Market area that remains rich in heritage
OFTEN overlooked, Old Market is a unique part of the city, rich in heritage. What makes it so special is that, although the community has changed over the centuries, the area has kept its history and character intact.
The area grew up below Bristol castle, on the old main road out into Kingswood Forest and so to London.
This was where royalty, and other dignitaries, would be greeted with some ceremony before being escorted to their lodgings.
It was also, as both sides discovered during the Civil War, important defensively.
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The weekly market which was established here was dominated by travelling traders who would set up their tented stalls in the centre of this extra wide street.
Despite the recent changes (made to accommodate buses) you can still the classic cigar shape of this early market – narrowing at each end where there would once have been stout wooden gates.
The market sold everything, from livestock to vegetables, much of it coming from the market gardens and farms of East Bristol, as well as household goods and trinkets.
As trade developed so more elaborate, semi-permanent wooden shelters and coverings were built.
Because of the number of strangers arriving in town for market day, a Pie Poudre court (literally the court of the dusty feet) – originally held under a tree – was set up.
Here, people would be given on-the-spot fines and punishments for a variety of crimes – anything ranging from theft to fraud.
Over the centuries, houses, shops and inns were established on either side of the busy market.
Although many of these ancient dwellings fell into decay and were demolished in Georgian and Victorian times, a few are still standing today.
These buildings, many of which are older than they look, have undergone much restoration and/or alteration.
Despite the market's demise the middle of the street was, for some reason, never built upon and retains its original width.
In time, what had once been the city's main market became known as the Old Market.
Nevertheless the area continued to bustle with life.
Between the wars, in the 1920s and 30s, it was still a popular place to shop with a good mix of outlets.
On Saturdays, the shops, which would stay open late into the evening, were packed.
With no major road between Old Market and Broadmead, people could travel easily between the two.
By Victorian and Edwardian times the area had become a major centre for entertainment.
As the tram terminus for East Bristol, and with St Philips rail station nearby, people would pour into the area.
The Empire theatre, the Kings cinema and the Methodist Central Hall all became popular venues, catering for differing tastes.
There were also a dozen pubs or more available for refreshment, including the elaborate Gin Palace on the corner of West Street.
The bleak 1930s saw many of Bristol's unemployed making their way through Old Market to state their case for aid at the Council House.
But finding their way barred, the peaceful march soon developed into a street battle.
The police drew their batons and charged.
By the time it was all over 30 marchers had been hurt and several policemen cut by flying bricks and stones.
The incident remains an ugly blot on Old Market's history.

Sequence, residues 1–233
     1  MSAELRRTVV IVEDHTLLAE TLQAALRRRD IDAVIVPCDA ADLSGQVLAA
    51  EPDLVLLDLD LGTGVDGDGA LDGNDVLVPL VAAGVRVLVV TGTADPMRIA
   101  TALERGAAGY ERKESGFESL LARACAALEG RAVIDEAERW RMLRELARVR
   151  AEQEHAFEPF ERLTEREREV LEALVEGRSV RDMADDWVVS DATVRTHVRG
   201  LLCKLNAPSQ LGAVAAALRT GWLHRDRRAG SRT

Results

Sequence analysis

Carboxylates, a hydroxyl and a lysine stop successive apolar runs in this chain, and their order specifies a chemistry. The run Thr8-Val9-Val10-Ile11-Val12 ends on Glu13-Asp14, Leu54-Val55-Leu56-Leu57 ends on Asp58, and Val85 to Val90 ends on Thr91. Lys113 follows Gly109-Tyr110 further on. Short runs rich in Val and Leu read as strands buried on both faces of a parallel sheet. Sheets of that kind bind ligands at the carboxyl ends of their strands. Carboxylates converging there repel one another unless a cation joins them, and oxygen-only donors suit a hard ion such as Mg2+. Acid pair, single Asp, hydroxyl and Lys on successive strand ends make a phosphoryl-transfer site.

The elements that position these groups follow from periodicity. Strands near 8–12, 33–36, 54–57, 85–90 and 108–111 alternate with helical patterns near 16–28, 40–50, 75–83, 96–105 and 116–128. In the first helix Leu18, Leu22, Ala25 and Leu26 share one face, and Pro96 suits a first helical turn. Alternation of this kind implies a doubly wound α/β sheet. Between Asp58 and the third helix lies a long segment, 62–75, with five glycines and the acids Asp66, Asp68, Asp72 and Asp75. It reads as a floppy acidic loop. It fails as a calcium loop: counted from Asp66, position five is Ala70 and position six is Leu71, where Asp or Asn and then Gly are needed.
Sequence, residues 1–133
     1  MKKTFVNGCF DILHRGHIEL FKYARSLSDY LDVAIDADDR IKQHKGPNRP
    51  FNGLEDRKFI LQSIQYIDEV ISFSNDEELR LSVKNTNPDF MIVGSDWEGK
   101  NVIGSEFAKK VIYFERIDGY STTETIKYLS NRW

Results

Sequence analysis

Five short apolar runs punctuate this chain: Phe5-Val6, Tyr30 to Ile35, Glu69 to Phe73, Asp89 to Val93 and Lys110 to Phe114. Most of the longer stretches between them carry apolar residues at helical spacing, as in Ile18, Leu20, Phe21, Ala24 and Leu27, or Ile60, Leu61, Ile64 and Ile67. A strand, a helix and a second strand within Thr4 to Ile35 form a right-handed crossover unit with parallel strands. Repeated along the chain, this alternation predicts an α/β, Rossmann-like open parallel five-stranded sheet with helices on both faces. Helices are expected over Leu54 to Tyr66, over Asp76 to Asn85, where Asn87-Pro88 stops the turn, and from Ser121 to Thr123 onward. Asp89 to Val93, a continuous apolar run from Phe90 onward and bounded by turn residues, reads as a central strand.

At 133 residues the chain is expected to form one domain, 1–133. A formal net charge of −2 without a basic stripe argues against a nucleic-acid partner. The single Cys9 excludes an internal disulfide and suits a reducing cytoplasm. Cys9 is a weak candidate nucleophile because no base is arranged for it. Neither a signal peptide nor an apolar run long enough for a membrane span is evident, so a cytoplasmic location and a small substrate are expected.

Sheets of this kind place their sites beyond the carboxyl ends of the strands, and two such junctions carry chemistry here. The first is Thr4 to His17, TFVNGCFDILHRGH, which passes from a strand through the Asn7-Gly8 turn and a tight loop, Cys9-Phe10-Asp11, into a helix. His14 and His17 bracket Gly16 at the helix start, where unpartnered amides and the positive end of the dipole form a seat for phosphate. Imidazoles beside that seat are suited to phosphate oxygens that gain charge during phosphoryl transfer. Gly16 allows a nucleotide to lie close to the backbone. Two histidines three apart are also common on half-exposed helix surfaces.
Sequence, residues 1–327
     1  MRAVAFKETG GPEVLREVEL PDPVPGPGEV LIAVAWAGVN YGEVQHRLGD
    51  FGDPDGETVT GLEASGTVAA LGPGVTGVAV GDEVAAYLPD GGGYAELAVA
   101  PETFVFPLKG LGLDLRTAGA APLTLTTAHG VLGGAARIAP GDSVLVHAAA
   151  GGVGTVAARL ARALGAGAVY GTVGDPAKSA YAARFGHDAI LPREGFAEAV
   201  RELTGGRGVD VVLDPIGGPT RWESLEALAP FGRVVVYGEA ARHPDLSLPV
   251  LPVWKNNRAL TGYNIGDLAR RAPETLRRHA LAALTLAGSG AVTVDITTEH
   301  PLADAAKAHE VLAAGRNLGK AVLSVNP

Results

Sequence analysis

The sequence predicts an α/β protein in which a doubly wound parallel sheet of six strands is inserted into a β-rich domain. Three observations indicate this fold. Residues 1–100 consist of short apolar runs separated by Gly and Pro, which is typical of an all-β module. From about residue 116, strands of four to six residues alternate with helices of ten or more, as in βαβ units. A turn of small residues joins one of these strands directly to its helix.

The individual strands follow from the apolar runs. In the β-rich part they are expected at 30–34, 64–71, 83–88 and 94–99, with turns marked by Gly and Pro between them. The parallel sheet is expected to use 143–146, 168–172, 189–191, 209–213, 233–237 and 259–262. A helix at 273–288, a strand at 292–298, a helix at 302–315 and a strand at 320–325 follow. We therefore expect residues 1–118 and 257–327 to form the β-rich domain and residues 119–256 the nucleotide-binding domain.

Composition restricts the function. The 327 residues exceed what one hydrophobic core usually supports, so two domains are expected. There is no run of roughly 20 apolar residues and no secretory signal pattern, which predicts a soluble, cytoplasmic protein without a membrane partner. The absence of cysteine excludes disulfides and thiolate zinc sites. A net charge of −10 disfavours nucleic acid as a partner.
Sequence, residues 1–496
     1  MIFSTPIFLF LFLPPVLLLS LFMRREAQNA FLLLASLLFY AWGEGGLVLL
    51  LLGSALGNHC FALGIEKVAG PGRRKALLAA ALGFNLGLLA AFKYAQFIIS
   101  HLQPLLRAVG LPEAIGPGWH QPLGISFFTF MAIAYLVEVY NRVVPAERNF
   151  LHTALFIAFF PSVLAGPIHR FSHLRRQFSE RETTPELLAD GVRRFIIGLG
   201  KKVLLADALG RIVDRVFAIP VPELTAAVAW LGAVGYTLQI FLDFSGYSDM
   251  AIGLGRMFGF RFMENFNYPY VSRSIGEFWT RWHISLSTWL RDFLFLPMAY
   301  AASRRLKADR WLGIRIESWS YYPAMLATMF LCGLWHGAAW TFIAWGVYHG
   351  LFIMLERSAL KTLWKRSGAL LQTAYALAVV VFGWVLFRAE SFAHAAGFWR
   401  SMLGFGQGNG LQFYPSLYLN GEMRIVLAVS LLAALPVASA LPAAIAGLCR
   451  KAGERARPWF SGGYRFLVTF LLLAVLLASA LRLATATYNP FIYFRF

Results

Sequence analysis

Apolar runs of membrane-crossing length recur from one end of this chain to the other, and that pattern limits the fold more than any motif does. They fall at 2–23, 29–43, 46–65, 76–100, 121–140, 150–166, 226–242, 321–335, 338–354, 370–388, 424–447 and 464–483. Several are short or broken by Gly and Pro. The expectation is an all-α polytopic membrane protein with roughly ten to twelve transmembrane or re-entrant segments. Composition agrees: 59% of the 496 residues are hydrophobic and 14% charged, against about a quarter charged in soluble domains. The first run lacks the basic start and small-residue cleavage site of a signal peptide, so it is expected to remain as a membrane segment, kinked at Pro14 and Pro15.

It was the loss of the Castle Street/Wine Street shopping area in the Blitz – plus the decision by the Corporation to re-build it anew in Broadmead – which started Old Market on a downward spiral.
Then, in the early 1960s, traders were dismayed to hear about plans for an inner city relief road which they were convinced would finally cut them off from the rest of the city.
But in those days motorists ruled the roost and their protests, many said, merely stood in the way of progress.
In 1964 the much loved Empire theatre, where a youthful Cary Grant had once entertained, became a victim of the demolition gangs.
The Temple Way roundabout and underpass arrived four years later.
This, plus the increase in traffic from East Bristol, hastened the loss of many long-established shops, businesses and pubs.
Even the seedy King's Cinema, something of a survivor, finally succumbed to the bulldozer.
A steep decline set in, and, as many premises remained empty and became derelict, so the council considered demolition as the only option.
But the growing conservation movement was slowly turning the tide and throughout the 1980s many of the area's attractive, but somewhat dilapidated, Georgian buildings were restored and let out to small businesses.
Old Market was finally designated a conservation area, a new status which meant not only meant protection from further demolition but the attraction of government grants.
But as opportunities to grasp the transport issue, and to downgrade Old Market to busy traffic, slipped by (especially with the opening of the M32), so traffic flow increased.
Now, as inner-city living becomes fashionable once more, people are returning to live to the area in droves.
The Methodist Central Hall has long been converted into apartments, and now the Drill Hall, opposite, has followed suit.
Other parts of Old Market, on both sides, are now also being sympathetically re-built to house yet more newcomers.
The area has spawned its own rebirth with a mix of specialised shops, clubs and pubs, a Gay Village and that ever popular venue, The Trinity Centre.
Old Market now has its own Community (and traders) Association to help focus people's minds on what still needs to be done to secure the area's future.
To find out more visit www.old marketquarter.co.uk.
Let's hope that, despite the changes, the area can retain its unique identity – it has, after all, been around a long, long, time.